with Friedemann Schaub
What are the most common triggers for stress and anxiety among pre-college students?

Especially in high school, there’s thinking about the SATs and basically preparing for college. That is incredibly stressful because not only do they have to look ahead, they may not be able to deal with what’s happening right in the moment. It’s a time where you get more into a grown-up mindset, but then you’re bombarded with challenges other generations didn’t have to deal with, such as the challenges of having to fit in on social media. They have to find out what everyone else is doing on social media, and they may compare themselves to their friends, feeling like other people’s lives are so much better than their own.

What are the most common triggers for stress and anxiety among college students?

There are very interesting challenges. One of them is that leaving high school, their home, and their parents really brings up this feeling of being lost, where you’re thrown out into the world. So what they often do is look as fast as possible for a group of people to belong, and there’s an enormous pressure around that. There’s a fear of not having someone close, and not having someone they can feel connected to. What I notice is that there’s almost a frenzy to find that kind of close friendship as fast as possible, and there’s not a lot of discernment around who students really like to hang out with. They are trying so hard to fit in that they’re suppressing themselves and who they really are, even though college is supposed to be the time when you are exploring yourself and finding out what your preferences and dislikes are.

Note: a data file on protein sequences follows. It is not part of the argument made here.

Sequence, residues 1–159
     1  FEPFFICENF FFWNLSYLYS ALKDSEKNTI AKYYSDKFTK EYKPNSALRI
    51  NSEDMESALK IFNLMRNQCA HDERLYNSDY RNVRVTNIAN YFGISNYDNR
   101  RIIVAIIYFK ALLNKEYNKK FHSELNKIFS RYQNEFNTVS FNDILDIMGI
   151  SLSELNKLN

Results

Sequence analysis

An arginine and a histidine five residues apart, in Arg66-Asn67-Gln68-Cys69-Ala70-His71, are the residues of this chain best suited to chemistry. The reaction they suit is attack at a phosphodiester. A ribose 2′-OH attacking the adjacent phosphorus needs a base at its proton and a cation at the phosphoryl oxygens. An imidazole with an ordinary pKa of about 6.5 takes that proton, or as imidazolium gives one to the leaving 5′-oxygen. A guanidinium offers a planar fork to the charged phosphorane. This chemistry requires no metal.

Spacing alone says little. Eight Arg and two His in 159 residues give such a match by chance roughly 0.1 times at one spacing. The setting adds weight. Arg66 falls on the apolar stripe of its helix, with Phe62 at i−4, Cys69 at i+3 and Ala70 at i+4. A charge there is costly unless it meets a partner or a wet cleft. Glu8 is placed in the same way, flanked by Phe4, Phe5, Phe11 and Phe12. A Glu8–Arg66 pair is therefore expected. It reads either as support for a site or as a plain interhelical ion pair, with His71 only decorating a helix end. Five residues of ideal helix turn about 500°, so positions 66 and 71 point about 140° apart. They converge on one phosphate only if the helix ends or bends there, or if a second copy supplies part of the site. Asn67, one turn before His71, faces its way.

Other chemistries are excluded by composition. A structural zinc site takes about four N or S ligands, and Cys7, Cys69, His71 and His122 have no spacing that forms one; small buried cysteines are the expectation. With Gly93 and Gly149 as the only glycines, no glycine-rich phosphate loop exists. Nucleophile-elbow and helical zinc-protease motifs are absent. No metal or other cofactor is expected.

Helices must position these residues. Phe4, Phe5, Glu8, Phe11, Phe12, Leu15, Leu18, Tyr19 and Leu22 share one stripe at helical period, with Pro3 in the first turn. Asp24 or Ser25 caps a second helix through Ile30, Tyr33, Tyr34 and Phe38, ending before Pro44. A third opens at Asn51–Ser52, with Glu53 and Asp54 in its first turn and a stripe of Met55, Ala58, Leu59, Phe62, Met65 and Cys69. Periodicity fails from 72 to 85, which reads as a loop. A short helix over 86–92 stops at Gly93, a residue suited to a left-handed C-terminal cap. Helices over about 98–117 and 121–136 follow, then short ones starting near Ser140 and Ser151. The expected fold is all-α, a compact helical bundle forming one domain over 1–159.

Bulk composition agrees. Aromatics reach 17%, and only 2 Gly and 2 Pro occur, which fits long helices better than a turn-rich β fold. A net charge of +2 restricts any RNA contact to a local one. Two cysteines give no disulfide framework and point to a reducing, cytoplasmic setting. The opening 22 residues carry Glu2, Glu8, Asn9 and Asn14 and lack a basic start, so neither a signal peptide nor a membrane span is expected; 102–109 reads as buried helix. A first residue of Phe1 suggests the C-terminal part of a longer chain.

Another thing I think college students are suffering with are their parents, especially parents who are overly concerned and overly involved. That umbilical cord seems to stretch across thousands of miles and sometimes it’s hard for college students to really grow up and have their own experiences because there’s constant texting going on with the parents and calling every day. It’s almost like letting go and having your own life these days is a little bit harder because the parents are more involved, and unfortunately, more smothering and overprotective than they used to be.

What can students do to get through their anxiety and stress?

With younger students, I think it’s important to honor where they are in their development. For example, if a 15-year-old girl really isn’t into dating and sex, then being able to actually say no and have the courage to stand up for herself is important. Being able to have boundaries is really important—and that requires courage, but it’s also a lesson for life because you learn that how you feel is more important than what other people are thinking about you.

For college students, it’s important to learn positive patterns that create stability and a good balance in their life. So, rather than being in a frenzy to join a fraternity or sorority and find friends, it’s better to really see college as a time to explore, a time to find out what works for you. There are studies that show when you’re developing as a college student, the patterns that help you stay in a positive mindset when you’re anxious—such as going for a run, meditating, or journaling—will actually stick with you for the rest of your life. And it’s important to realize that when you are choosing a group of friends, you’re usually not open to anybody else anymore—and you’re kind of missing out on many opportunities. For the first year, try not to decide who you’re going to be or who you’re going to hang out with, but be open to explore.